69, the magic number

AMALAYA Blanco 2013On a weekly basis, my knowledge is challenged by two pertinent questions bothering the randy and thirsty folk living in Buenos Aires. First, got any straight single friends? And second, what’s a good, cheap wine?

I’ve been considering the latter for some time, and it’s a question asked more frequently now that I’m in wine school.

But the reason it’s taken so long to come up with an exciting and acceptable shortlist is because I’ve been trying to establish a cost benchmark. Just how many half-decent bottles of plonk are there under 30 pesos? (A few.) Is it acceptable to take a carton to an asado? (Never.)

So in order to start a conversation with lecherous intent without breaking the budget, here are five wines for under 69 pesos, everyone’s favourite number.

This week, I gathered some boozers who like to dabble in wine but are relatively in the dark in general — their words. We sampled 13 wines, but no classic fruity Malbecs. After cunningly covering the labels with kitchen roll and tape so no one knew what was going down their throats, I then forced this motley cru (get it?) to take notes during the blind tasting. All wines came from my local crappy supermarket and cost less than 69 pesos.

And the aim? First, to shortlist these boozers’ five favourites suitable to take to a dinner party or a barbecue. And second, familiarize them with non-Malbec, thereby equipping them with a little knowledge that will lead them to woo over some unsuspecting soul and address question one.

A fusion of whites, rosés, reds. Here is my illustrious panel’s top five in no particular order, with comments from them all.

1. The wine: Bodega Amalaya 2013 white blend – 85% Torrontés, 15% Riesling. Calchaquí Valley, Salta. $55.
Sip tip: Great value, prize-winning white. The 2012 edition pleased the panel at the 2013 Argentina Wine Awards. This emblematic white grape comes from the heart of Torrontés terroir.
I say: Although this wine is officially a varietal given the percentage breakdown, it’s interesting for Riesling to partner up with Torrontés, as it isn’t a familiar grape in Argentina, and normally grows successfully in humid climes such as Alsace, rather than desert-dry Salta. I love the combo of floral Torrontés and minerally, fresh Riesling.
The panel says: “Very greeny-yellow colour. Sharp in the middle but less full in the finish, which I like. Tropical fruit, flowers – a sweet nose.”
Average score: 7 out of 10.

2. The wine: Bodega Salentein 2012 Portillo Rosé, Valle de Uco, Mendoza. 52 pesos.
Sip tip: This economical label has excellent pedigree and its grapes come from altitude-tastic Valle de Uco. Drink chilled, and mix and match attire to the hottest colour in wine this summer.
I say: Attractive strawberry and raspberry nose, a 100 percent Malbec.
The panel says: “Very drinkable, rounded. Eight out of 10. Lovely, pinky orange colour. Makes me think of summer afternoons and light cheeses.”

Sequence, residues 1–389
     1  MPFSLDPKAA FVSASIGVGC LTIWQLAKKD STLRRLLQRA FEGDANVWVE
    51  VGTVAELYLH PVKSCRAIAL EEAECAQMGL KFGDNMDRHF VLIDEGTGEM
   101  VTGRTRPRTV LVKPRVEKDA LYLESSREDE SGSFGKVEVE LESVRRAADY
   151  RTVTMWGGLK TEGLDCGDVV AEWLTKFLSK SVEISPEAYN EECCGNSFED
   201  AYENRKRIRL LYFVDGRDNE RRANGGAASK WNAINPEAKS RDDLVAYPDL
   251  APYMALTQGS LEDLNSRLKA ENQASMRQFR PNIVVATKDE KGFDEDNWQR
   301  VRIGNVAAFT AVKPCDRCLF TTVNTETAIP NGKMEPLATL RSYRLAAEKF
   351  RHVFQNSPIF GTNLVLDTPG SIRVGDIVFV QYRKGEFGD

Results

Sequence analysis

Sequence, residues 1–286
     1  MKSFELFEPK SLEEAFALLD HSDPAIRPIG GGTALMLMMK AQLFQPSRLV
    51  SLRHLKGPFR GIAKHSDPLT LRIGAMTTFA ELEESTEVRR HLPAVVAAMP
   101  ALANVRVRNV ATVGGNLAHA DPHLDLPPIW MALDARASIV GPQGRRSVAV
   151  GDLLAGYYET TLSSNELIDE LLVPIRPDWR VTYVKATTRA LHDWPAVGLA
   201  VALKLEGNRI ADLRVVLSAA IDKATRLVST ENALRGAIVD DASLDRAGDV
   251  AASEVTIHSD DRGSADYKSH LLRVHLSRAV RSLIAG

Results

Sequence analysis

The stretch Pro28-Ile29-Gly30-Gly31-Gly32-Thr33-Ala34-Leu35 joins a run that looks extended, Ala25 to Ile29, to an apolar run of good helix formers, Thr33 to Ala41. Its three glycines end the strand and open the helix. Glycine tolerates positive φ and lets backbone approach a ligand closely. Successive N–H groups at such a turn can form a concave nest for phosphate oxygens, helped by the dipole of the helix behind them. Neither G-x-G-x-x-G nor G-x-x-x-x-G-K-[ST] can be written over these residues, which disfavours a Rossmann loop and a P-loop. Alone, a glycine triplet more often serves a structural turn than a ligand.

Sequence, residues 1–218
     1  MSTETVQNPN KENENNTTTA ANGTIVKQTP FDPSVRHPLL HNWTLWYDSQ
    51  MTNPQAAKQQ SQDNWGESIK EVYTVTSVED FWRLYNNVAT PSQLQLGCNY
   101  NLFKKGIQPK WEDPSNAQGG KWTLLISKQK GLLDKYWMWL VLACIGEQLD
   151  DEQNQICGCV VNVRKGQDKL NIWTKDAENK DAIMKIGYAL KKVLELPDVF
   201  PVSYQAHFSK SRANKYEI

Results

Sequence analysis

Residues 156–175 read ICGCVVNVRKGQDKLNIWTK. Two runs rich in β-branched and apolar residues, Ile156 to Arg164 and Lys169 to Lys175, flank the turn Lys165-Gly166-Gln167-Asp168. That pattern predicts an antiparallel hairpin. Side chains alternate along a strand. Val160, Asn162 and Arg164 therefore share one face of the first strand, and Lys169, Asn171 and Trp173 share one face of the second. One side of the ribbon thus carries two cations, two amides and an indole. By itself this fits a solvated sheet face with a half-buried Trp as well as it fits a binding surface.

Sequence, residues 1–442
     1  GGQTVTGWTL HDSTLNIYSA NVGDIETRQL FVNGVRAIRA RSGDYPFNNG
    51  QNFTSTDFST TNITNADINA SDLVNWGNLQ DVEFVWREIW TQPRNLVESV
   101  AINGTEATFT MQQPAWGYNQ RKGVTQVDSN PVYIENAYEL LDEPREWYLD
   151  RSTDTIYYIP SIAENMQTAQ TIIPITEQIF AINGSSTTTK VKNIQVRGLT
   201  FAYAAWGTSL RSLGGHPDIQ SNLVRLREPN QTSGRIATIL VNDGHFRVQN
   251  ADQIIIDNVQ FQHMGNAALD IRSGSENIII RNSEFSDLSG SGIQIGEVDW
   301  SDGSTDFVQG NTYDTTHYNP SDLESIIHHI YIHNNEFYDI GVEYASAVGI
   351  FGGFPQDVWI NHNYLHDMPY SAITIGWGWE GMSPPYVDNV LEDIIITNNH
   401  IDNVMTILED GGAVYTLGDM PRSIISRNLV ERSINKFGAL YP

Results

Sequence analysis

Average score: 7.5 out of 10.

3. The wine: Humberto Canale 2013 Marcus Merlot, Río Negro. 40 pesos.
Sip tip: The colder climate in the south is producing interesting wine, such as this young Merlot. Sturdy and robust, it will stand up well at a barbecue.
I say: Cheeky alternative to a Malbec, this has classic Patagonian fruits of the forest aromas that are then evident in the mouth. Surprisingly yummy.
The panel says: “Ruby red colour. Blackberry nose. It’s like a light Rioja. I’d have a beef salad with it. Acceptable.”
Average score: 6 out of 10.

4. The wine: Finca Las Moras 2013 Dadá Merlot, San Juan. 30 pesos.
Sip tip: Dadá is all over the place right now, with its self-styled “art wine” concept. Bargain price for a really young wine that’s been in contact with both French and American oak.
I say: Spicy and fruity in the nose, fruits of the forest have a marked presence, making this super drinkable.
The panel says: “A cinnamon or clove nose. Blackberry and raspberry mouth. Really pleasant.”
Average score: 7.5 out of 10.

5. Bodega Esmeralda 2013 Gran Rodas Petit Verdot, Rivadavia, Mendoza. 31 pesos.
Sip tip: Another Bordeaux grape less travelled in Argentina that has a delectable combo of forest fruits, spices and licorice.
I say: Petit Verdot is generally elegant and even this more economic one retains that reputation. Floral on the nose, young red fruits in the mouth.
The panel says: “Violet and red. Fresh, light, cherry nose. Smells like fresh grass. Jasmine scent. Very acidic.”
Average score: 6.5 out of 10.

Besides these top sips, I also want to throw a couple of other favourites into the mix. Using another grape that isn’t grown much in Argentina, Argento’s 2011 Pinot Grigio (45 pesos) is a refreshing lesson in tropical fruits and packed with pineapple and peach.

And if you’re headed to a brunch and are game on for Mimosas, pick up a bottle of Suter Extra Brut champaña. This beyond bargain box price of 23 pesos is ideal for mixing with orange juice, so take three bottles and make a day of it.

And as for the first question (“got any straight single friends?” dear wine-addled reader), the idea is this: simply rock up to your next party and with the most innocent of smiles accompanied by the cheekiest of winks, tell your object of desire: “I read about this wine – it cost less than 69 pesos, you know.” Wedding invites care of the Herald, thanks very much…

Buenos Aires Herald, November 3, 2013
With thanks to Gacs, Fork, Mr. Links, Chiara, Huge, Shop Hop and Bono.

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